Such inability or unwillingness to differentiate between disreputable and decent allies abroad has its counterpart in the radical left’s refusal to allow for qualitative differences between domestic political forces – democrats and republicans – all of whom are written off as disreputable upholders of the status quo. Berube is also critical of the recurring comparisons of the United States to Nazi Germany on the pages of The Nation (29) and in the writings of Chomsky (among other places), of the blanket attribution of moral equivalence to the United States and its enemies.
Berube examines in considerable detail the remarkable misrepresentations of Chomsky. Even among those on the radical left, Chomsky is a special case given his longstanding, unwavering hatred of the United States and Israel and his impregnable self-righteousness packaged in soothing phrases and a mask of rationality. Thus he likes to support his assertions by invoking “many who know the conditions well,” or “virtually every knowledgeable source” (74, 79). Chomsky even opined that “many who know the conditions well [their identity unspecified – P.H.] are also dubious about bin Laden’s capacity to plan that incredibly sophisticated operation [9/11] from a cave somewhere in Afghanistan” – a claim repeated by Michael Moore(74). Especially notorious has been Chomsky’s baseless charge of the “silent genocide” supposedly perpetrated by the United States in Afghanistan by preventing food deliveries (71-73). He also asserted that the U.S. bombing of a pharmaceutical plant in Sudan killed more people than 9/11.
Such allegations are deeply rooted in Chomsky’s conviction that the misdeeds of the U.S. by definition invariably exceed those of its enemies, (or anyone else’s, except Israel’s). Understandably Berube is critical of Chomsky for harming the credibility of the left by “present[ing] his claims as the only legitimate ‘left’ positions… not only by portraying the Western media and ‘intellectual elites’ as a solid phalanx of propaganda spewing and propaganda swallowing apparatchiks, but also by mischaracterizing, or simply ignoring competing commentators on the democratic left” (43-44).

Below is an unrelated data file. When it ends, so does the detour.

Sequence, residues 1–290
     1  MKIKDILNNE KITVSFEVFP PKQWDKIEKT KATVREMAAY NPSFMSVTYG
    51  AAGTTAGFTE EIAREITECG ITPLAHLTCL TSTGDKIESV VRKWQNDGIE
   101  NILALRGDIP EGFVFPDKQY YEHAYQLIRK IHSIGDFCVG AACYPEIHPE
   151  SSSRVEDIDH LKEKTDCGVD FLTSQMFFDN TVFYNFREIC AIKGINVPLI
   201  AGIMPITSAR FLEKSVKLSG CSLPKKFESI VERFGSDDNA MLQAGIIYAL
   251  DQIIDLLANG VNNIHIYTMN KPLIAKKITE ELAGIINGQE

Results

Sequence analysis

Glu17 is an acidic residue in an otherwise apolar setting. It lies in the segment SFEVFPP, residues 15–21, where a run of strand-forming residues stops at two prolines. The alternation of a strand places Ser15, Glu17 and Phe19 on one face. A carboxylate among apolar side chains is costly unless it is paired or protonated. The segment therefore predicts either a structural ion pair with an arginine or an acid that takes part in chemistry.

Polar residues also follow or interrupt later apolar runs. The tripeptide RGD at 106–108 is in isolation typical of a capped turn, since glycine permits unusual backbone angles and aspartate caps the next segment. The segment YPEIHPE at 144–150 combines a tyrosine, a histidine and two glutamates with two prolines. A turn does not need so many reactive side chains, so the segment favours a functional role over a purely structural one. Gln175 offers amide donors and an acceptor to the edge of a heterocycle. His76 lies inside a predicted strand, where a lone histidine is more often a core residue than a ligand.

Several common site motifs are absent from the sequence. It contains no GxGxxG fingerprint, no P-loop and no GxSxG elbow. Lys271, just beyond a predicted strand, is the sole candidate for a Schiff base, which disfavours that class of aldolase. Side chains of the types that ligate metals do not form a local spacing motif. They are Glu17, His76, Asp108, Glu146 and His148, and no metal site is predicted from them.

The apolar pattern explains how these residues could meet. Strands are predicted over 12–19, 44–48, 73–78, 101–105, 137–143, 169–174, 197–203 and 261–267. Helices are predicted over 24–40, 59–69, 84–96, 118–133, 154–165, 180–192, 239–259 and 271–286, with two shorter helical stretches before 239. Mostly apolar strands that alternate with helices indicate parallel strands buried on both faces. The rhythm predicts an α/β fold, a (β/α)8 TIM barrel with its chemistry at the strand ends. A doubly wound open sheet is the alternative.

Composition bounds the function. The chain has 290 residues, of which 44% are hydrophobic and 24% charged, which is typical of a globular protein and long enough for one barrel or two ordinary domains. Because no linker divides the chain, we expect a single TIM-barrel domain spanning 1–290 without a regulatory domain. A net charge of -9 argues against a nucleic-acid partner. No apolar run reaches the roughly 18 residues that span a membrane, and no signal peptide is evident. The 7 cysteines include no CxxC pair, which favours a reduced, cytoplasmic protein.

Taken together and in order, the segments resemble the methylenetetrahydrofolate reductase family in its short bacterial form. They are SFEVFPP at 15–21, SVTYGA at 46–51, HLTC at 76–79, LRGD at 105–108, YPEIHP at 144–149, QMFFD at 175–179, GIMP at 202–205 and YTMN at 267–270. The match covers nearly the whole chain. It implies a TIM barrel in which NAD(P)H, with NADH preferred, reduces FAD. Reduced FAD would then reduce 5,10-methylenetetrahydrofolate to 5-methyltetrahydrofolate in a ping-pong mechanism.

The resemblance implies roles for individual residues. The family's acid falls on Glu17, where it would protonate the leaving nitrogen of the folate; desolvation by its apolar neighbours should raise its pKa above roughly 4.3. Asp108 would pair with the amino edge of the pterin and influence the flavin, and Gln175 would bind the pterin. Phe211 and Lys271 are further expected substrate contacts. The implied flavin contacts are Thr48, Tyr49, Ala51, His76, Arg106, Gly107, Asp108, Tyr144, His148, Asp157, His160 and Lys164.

Sometimes Berube’s critiques of the radical left made me wonder what were their major determinant: was it his rejection of their positions on substantive moral grounds, because they were wrong, or his concern that these utterances damaged the credibility and political influence of the left in general, and the democratic left in particular “provide[ing] right wingers with still more fodder” (26).
I am not sure what to make of Berube’s defense of cultural studies which follows from his admiration of Stuart Hall, a founder of these studies. Given the irrelevance of these studies to practical politics and social change, and their elevation of the trivia of popular culture to the place of a significant subject of social scientific inquiry it is not self-evident why Berube he would think well of them. As I see it, cultural studies, and their popularity, reflect the decline of both academic standards and intellectual discourse in general.
More difficult to come to terms with is Berube’s apparent support of political correctness: he believes that its dangers have been greatly exaggerated even by liberals such as Jim Sleeper, Richard Bernstein, Paul Berman and Todd Gitlin. He also seems to endorse Richard Rorty’s belief that political correctness ”has made our country a far better place. American leftist academics have a lot to be proud of” (214]). One may wonder how Berube (and Rorty) managed to avert their eyes from the contribution PC has made to the lowering of academic standards (in curriculum design, requirements, student admission and evaluation, faculty hiring etc), to the imposition of very noticeable restrictions on free expression as well as to self-censorship internalized to avoid expressions of political incorrectness? Would he dispute that PC has encouraged, (paradoxically) both identity politics and cultural relativism?